|Thirty Minute Symphony? Among her peers there is no one who approaches Prime Minister Jacinda Ardern when it comes to talking the talk. She is, indisputably, New Zealand’s foremost impresario of political verbiage.|
PHIL SPECTOR’S “WALL OF SOUND” production technique revolutionised the recording of popular music in the 1950s and 60s. Simple multiplication lay at the heart of Spector’s innovation. Where other producers would hire one musician, he would employ many. Three, not one, drummers. Two, not one, pianists. Multiple guitarists – acoustic and electric. All dedicated to enlarging his young listeners’ experience. The effect he was looking for – and delivered – was a two-minute symphony.
Jacinda Ardern has perfected her own version of Phil Spector’s wall of sound. A multiplication, not of instruments, but of words. Verbal riffs and phrases that build upon one another to create an edifice of explanation that doesn’t so much enlarge as overwhelm those assigned to question the prime minister, along with those inclined to listen to her. Among her peers there is no one who approaches the Prime Minister when it comes to talking the talk. She is, indisputably, New Zealand’s foremost impresario of political verbiage.
To describe Ardern in these terms is not in any way to deprecate her. Increasingly, across the Western World, the quality most sought after by politicians – and admired by voters – is fluency. To be at a loss for words, in the current political climate, is a sure sign of weakness. What counts today is polish, style and ease. The ability to convince: not by the meaning of one’s words, but by how well one delivers them. In an age of celebrity, all that matters is the smoothness of the “talent’s” performance.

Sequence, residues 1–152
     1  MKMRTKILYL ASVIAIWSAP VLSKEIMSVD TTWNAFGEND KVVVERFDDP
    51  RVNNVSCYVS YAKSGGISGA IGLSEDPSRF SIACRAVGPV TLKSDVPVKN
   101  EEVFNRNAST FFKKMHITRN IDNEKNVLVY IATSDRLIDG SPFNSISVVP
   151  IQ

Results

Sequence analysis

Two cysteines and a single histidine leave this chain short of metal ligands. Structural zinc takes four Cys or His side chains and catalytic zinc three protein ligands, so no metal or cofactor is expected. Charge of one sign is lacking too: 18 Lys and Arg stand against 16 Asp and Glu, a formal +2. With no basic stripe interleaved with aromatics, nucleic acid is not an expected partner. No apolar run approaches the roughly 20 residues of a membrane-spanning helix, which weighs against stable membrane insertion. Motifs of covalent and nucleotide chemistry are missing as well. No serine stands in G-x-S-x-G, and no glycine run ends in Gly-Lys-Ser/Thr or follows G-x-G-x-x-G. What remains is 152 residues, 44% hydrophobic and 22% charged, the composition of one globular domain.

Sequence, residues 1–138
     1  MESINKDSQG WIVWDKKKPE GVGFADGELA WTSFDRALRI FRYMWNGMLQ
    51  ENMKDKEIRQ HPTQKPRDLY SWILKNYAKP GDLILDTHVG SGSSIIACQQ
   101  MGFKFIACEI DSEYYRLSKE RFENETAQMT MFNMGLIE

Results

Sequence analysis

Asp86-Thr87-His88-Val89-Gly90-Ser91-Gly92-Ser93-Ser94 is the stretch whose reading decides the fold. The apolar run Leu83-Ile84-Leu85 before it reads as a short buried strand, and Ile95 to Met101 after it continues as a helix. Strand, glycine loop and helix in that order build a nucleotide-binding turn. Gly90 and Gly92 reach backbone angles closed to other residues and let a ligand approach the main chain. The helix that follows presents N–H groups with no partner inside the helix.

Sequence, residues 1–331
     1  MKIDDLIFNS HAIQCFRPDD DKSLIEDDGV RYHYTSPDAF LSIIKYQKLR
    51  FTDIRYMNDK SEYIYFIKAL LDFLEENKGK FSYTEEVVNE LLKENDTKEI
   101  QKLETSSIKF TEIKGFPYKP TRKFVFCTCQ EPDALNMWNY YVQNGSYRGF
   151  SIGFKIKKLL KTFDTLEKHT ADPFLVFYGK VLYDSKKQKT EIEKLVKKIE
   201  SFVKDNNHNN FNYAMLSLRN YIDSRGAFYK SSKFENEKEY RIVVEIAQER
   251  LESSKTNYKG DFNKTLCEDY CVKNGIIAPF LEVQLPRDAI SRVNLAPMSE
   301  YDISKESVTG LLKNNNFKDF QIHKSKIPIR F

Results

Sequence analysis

Nowhere was this phenomenon more agonisingly on display than in the on-screen confrontation between the Democratic and Republican contenders for the open Pennsylvania Senate seat: John Fetterman and Dr Mehmet Oz.
Prior to the debilitating stroke that hit Fetterman in the opening weeks of his campaign, he had been well-ahead of his rival. In spite of the fact that “Dr Oz” is a well-known television personality, he was unable to match Fetterman’s working-class “authenticity” – manifested principally through his rough-and-ready working-man’s vocabulary and diction.
Robbed of this easy fluency, however, Fetterman soon began to flounder. His positive medical prognoses notwithstanding, Fetterman’s stroke-induced inarticulateness, when set alongside Oz’s smooth delivery, instantly began to tell against him in the polls. The voters did not appear to care about the candidates’ policies, or even about their characters. The only factor that seemed to count was who sounded most like the host of a reality TV show. Pennsylvania, which, six months ago, had been seen as a slam-dunk for the Democrats, is now too close to call.
As New Zealand enters election year, a change of government may ultimately come to depend on how closely National’s Christopher Luxon can match the Prime Minister in political fluency. At the moment, Luxon is well behind Ardern. Plausible, rather than convincing, the National leader presents well enough under gentle questioning. Pressed to explain his words, however, Luxon’s fluency falters. Openly challenged by politicians or journalists with the facts at their fingertips, his fluency has an alarming tendency to disappear altogether. Unlike the PM, notorious for being formidably well-briefed, Luxon, under pressure, sounds neither convincing, nor reassuring.
The contrast between Luxon and his health spokesman, Dr Shane Reti, is instructive. Even more than Ardern, Reti presents an easy authority. On both the generalities and the details he is a hard man to fluster. That medicine is his profession undoubtedly helps, but so, too, does his ability to think on his feet.